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Seinfeld Still on Top of the Comedy Game

Last night, while some decided to hit up the free Wale concert, and others combined humor with a philanthropic cause, I chose to be entertained by the comedy stylings of one of the most recognizable voices of show business, Jerry Seinfeld. And I wasn’t disappointed.

While the show started a bit late, most probably due to the parking situation, everything else went perfectly. The opening act was Pittsburgh native, and good friend of Chris Rock, Mario Joyner, who made sure to warm up the crowd for the main event. After a quick set revolving mostly around travel and life as a single 50-year-old, peppered in with some slightly edgy jokes about “mutes” and a couple of topics that Jerry would later bring up as well, Joyner took a bow and left the stage as the whole Eisenhower Auditorium went dark. Jerry Seinfeld sprinted on stage, jumping around, feeding off of a nearly packed auditorium crowd clapping and cheering.

For an established comedian, the need to pander to the audience was less acute, and after a first joke about whether we were in State College or University Park (unfortunately for the numerous people screaming out “State College,” we were technically in University Park), his hour-and-a-half routine had no other local elements, except for the professorial tone Seinfeld took from time to time, because of “where we are right now.”

As professional as you’d expect someone that’s been in comedy for 36 years, Jerry Seinfeld was able to innovate his style of comedy while holding on to the core of what made him famous (his tone of voice when he gets angry, observations on society’s flaws, and most importantly, his pitch-perfect humor). The initial part of the act set the theme for the night, as Seinfeld’s humor revolved around a hyper-aware version of his former shows. Giving an accurate and funny description of the preparations and troubles members of the audience go through in order to come to a comedy show like his, “it’s hell,” he summed up, quickly moving to a critique of the aimlessness of our daily lives and activities.

He addressed the only two things important in life, chairs and beds; how everybody’s life, even his, sucks, and most importantly, he addressed how we communicate (from phrases and idioms, “shitty and great are alike and even the same thing”, to the tools we use to communicate “the lack of face-to-face conversation these days is scary” and “Facebook is the ultimate whoring out of the word book” while “scrolling on a smart phone makes you look just like a gay French king”). While the general theme of the night was crafted around this area, he sprinkled in some observational jabs at marriage, coffee, energy drinks (5 Hour Energy – “meth lab Hawaiian punch jello shots”), sleeping pills and the overuse of the word “ass” in very common expressions.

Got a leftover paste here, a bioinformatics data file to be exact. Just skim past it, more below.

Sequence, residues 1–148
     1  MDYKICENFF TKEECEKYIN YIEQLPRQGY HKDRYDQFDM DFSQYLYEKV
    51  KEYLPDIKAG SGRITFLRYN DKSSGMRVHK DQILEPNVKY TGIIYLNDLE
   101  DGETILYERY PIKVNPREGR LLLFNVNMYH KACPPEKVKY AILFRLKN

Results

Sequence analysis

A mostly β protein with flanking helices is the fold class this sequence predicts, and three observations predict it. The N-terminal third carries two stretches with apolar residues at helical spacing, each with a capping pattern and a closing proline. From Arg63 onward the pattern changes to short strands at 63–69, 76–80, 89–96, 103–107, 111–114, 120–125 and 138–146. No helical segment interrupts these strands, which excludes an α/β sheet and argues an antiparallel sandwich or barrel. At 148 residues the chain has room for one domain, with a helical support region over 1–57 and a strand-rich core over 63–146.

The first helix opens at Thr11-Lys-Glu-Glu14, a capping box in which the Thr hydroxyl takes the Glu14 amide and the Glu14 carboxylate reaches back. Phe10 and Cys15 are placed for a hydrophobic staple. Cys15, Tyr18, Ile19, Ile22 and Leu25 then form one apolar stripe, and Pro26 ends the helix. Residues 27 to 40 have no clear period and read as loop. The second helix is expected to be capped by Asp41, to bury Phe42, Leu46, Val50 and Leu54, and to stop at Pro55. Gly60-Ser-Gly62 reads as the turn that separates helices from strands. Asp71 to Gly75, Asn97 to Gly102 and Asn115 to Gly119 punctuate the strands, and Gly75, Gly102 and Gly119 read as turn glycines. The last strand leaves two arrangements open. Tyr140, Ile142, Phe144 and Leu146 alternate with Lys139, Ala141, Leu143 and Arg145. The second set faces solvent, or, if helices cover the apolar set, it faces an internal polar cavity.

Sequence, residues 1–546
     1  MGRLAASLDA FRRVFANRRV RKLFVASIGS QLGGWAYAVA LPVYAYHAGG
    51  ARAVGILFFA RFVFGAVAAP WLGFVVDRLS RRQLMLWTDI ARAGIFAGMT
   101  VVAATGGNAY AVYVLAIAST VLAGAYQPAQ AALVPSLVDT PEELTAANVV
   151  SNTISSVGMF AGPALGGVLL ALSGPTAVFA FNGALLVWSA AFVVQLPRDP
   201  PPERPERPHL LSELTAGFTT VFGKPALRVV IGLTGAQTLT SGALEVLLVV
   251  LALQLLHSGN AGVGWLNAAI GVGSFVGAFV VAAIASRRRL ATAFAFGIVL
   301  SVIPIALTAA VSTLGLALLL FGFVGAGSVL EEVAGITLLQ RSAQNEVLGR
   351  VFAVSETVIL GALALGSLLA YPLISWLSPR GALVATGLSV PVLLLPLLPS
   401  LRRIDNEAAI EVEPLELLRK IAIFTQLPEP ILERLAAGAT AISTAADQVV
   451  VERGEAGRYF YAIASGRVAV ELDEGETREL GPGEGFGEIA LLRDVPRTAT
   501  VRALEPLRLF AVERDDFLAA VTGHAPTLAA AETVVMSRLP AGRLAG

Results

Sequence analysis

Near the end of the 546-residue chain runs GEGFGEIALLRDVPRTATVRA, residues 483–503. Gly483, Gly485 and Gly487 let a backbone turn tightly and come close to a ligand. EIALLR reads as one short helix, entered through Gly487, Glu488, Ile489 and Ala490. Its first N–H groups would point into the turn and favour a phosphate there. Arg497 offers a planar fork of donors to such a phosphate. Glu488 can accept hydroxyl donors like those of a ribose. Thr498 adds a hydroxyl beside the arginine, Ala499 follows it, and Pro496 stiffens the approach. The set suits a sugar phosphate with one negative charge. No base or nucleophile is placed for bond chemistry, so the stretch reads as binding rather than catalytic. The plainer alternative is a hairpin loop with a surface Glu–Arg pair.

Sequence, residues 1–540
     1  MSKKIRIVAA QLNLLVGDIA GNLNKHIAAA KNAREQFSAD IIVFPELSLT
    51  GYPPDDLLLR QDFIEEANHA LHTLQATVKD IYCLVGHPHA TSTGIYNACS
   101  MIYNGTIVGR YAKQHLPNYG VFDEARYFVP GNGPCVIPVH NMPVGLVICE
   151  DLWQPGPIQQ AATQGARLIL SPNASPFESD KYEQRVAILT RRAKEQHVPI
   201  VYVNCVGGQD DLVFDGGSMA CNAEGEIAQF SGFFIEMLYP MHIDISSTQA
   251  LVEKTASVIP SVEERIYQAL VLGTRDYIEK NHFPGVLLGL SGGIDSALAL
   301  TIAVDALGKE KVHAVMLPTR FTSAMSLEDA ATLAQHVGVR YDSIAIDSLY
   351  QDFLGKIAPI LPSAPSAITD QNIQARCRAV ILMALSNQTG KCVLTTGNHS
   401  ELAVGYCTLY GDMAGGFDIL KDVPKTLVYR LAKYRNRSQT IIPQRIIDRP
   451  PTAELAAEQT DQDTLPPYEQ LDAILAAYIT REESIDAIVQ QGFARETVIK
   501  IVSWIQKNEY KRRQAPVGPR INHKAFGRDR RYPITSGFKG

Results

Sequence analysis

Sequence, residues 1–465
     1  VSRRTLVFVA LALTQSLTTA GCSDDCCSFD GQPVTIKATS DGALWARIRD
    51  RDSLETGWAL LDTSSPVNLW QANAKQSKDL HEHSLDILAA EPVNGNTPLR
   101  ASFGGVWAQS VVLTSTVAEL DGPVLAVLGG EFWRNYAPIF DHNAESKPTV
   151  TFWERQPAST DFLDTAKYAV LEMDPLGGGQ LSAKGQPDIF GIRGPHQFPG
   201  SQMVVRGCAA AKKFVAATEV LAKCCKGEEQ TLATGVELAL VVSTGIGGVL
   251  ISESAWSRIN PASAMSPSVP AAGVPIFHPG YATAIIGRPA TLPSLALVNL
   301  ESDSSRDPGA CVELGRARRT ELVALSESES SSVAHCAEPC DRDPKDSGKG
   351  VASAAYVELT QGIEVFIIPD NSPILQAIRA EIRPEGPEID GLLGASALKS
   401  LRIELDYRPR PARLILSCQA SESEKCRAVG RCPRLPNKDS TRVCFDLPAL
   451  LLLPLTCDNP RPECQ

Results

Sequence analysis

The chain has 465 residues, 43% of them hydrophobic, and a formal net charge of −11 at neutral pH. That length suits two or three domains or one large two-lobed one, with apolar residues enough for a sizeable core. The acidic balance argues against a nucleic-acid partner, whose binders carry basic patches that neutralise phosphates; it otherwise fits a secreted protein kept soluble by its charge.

Of course, older jokes came up as well, and his observational wit took a more professorial approach this time, denouncing “The X Culture” (where X was anything from drink to strict parenting). As clean as his humor has always been, he challenged the audience to think about how we socialize and what we take for granted, even his own role (“my role is to slightly distract you from life’s problems while sitting in a different seat”). His transformation into a grumpy, yet hilarious man of a different time is on track, the show being packed with stories about how things used to be better. All this being said, the laughs never stopped, as Seinfeld’s jokes have the distinctly unique attributes of cracking you up and being about nothing, while actually being about something.

As the audience gave him a standing ovation at the end, he kicked off the encore just like he did at the beginning of the show, by commenting on the inherent awkwardness of the logistics of standing O’s. With the night rapidly growing to a close, he started an impromptu Q & A series during which we found out his favorite line from the TV show (Elaine: “Can you believe people?” Jerry: “They’re the worst!”) and that if he had 24 hours to live, the most important thing he’d do, besides personal concerns, would be a stand-up show, which got a great reaction from the crowd.  He explained that stand-up is a great art form because it’s “intimate, yet at a considerable distance from you people”.

Outside of the theater, after the show, you could overhear groups of people not sure about the show and groups of people in awe of Jerry Seinfeld’s comedic genius. But one thing is for sure for both groups, last night, they laughed really hard, which means that Jerry succeeded in slightly distracting them from life’s problems.

About the Author

David Morar

David is a Ph.D. Student in the College of Communications, an alum of PSU's School of International Affairs and of the University of Bucharest's College of Political Science. He is a native of Bucharest, Romania and if you ask him about his hobbies, he'd say that he likes, not necessarily in order, photography, comedy and social media. David's Google Profile

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